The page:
Medical Transcription and Health Information Security
by Abigale Washford
In July 2011 the Defense Department of the United States lost approximately 24,000 sensitive Pentagon files in a large-scale cyber attack. If you know anything about the U.S. Department of Defense (DoD), you know that it is arguably one of the highest-priority sectors of the American government.
The “Internet” first started as a means for governments and universities to store, protect, and share sensitive information like patents and research. In a short period of time, however, cyberspace rapidly evolved into a strange parallel world full of websites and marketing and personal computing that forever changed the world. The mass proliferation of the Internet put pressure on certain sectors of business, especially the health care industry.
This pressure very likely prompted Title II of the Health Insurance Portability and Accountability Act (HIPAA), which demanded the creation of national standards for—among other things—the electronic transfer of medical information. Medical transcriptionists are today’s manifestation of “health insurance portability,” as they are directly involved in the review and transfer of medical history reports, patient discharge summaries, and other extremely sensitive health-related information. Today, many hospitals and medical offices in the United States are increasingly outsourcing medical transcription services because of the convenience of information transfer on the Internet.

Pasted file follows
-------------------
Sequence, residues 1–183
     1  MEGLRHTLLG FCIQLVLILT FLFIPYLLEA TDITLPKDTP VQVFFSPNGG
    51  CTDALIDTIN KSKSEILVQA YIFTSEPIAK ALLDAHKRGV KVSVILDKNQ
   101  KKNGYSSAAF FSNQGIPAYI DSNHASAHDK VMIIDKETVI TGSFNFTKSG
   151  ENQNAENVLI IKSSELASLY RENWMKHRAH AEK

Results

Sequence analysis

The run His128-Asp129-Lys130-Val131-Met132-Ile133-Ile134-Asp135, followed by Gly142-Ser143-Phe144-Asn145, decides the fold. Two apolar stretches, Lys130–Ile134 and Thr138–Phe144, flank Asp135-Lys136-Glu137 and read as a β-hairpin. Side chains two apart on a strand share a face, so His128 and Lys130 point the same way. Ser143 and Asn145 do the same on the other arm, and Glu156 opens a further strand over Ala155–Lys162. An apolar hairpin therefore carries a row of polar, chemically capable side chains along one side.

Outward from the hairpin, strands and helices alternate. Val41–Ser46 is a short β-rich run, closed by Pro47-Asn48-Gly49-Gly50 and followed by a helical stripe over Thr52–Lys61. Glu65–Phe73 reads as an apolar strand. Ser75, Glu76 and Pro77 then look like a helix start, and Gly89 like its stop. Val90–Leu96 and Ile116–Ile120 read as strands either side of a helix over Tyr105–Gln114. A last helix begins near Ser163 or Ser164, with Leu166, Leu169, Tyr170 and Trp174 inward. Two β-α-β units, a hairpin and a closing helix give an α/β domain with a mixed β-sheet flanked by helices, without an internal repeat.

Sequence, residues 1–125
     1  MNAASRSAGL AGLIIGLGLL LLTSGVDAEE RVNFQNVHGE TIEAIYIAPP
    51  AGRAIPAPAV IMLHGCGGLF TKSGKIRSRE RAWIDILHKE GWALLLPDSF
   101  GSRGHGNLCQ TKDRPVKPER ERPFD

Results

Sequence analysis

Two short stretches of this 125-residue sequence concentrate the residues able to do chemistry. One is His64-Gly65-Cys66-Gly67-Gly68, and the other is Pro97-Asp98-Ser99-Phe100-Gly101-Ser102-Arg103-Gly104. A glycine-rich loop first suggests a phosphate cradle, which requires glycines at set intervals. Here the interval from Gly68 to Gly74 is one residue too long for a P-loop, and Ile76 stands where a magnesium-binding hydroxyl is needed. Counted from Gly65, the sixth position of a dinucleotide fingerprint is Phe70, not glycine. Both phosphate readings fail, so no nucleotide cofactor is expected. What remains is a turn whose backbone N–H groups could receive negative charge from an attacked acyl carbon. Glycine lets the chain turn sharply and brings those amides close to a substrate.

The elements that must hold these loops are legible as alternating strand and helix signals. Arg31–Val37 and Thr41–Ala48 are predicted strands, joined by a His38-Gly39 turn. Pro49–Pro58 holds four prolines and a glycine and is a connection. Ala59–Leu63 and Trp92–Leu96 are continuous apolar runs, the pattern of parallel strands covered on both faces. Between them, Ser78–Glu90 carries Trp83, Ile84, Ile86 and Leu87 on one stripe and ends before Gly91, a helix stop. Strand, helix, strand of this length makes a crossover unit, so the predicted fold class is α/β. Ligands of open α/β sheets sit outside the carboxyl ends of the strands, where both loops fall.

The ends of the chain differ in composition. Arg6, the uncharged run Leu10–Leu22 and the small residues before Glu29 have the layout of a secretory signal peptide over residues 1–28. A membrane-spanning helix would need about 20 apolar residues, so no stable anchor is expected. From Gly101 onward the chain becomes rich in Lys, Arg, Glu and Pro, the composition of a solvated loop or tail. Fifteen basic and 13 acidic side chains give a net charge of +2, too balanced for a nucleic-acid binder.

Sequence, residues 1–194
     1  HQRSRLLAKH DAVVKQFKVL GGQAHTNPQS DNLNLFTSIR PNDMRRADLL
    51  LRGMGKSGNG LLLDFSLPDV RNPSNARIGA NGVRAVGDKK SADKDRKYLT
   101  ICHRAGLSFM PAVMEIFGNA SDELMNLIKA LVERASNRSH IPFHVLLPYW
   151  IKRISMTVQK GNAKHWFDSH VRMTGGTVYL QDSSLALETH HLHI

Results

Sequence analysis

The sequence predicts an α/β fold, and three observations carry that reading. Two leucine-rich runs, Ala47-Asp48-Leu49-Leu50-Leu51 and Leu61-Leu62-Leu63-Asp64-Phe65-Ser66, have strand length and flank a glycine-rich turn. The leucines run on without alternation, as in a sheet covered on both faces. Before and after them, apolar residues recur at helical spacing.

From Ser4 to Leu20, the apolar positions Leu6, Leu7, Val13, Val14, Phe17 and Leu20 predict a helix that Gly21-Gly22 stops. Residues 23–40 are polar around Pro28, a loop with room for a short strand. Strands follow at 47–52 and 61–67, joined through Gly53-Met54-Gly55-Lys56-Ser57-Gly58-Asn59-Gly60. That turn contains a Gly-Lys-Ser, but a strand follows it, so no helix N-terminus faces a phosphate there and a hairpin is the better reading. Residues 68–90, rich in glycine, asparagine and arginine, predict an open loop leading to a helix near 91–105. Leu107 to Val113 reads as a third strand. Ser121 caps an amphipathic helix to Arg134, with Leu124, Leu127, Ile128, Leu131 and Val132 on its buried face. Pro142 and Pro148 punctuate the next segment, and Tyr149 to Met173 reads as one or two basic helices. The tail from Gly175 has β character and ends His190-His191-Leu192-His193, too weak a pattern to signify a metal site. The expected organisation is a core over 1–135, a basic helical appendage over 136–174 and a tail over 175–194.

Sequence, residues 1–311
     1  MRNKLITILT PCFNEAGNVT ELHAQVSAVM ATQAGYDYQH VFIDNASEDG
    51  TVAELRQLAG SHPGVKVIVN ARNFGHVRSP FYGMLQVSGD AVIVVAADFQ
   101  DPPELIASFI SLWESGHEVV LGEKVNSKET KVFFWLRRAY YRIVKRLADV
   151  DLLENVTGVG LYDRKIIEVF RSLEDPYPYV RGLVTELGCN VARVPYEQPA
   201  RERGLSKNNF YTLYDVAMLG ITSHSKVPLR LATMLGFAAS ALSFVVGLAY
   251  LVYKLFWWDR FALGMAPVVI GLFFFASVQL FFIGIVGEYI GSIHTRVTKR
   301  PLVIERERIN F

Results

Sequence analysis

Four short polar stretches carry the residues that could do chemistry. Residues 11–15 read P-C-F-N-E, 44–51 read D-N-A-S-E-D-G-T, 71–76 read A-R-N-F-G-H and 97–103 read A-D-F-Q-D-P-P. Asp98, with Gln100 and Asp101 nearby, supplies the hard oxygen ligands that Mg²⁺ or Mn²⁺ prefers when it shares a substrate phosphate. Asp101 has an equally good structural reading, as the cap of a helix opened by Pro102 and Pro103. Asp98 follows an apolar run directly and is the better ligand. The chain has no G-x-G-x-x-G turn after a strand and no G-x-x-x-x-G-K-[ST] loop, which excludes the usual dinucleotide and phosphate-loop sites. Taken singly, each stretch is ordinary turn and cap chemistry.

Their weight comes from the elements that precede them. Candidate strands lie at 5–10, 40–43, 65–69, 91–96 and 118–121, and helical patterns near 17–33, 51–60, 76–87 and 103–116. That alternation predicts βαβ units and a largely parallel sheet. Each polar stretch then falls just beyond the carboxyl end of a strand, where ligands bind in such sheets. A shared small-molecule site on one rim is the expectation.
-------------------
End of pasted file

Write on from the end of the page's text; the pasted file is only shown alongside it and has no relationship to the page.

Can you see the potential problem here? Can you see how the transfer of information about your last physical exam over the Internet, to a different country, isnot a good thing? If the United States Government’s premiere security branch has been breached so many times in the past, who’s to say that your medical records aren’t next? Who is to say that a HIPAA-compliant medical transcription company overseas is completely safe from cyber attacks?
Information security continues to evolve—but as it does, so too do the tactics and intentions of hackers. Whether you are a student, a professional medical transcriptionist, or a patient interested in the security of your health-related information, the following reading is pivotal to a holistic understanding of the healthcare industry’s growing security needs.
The article was first published at www.medicaltranscription.net
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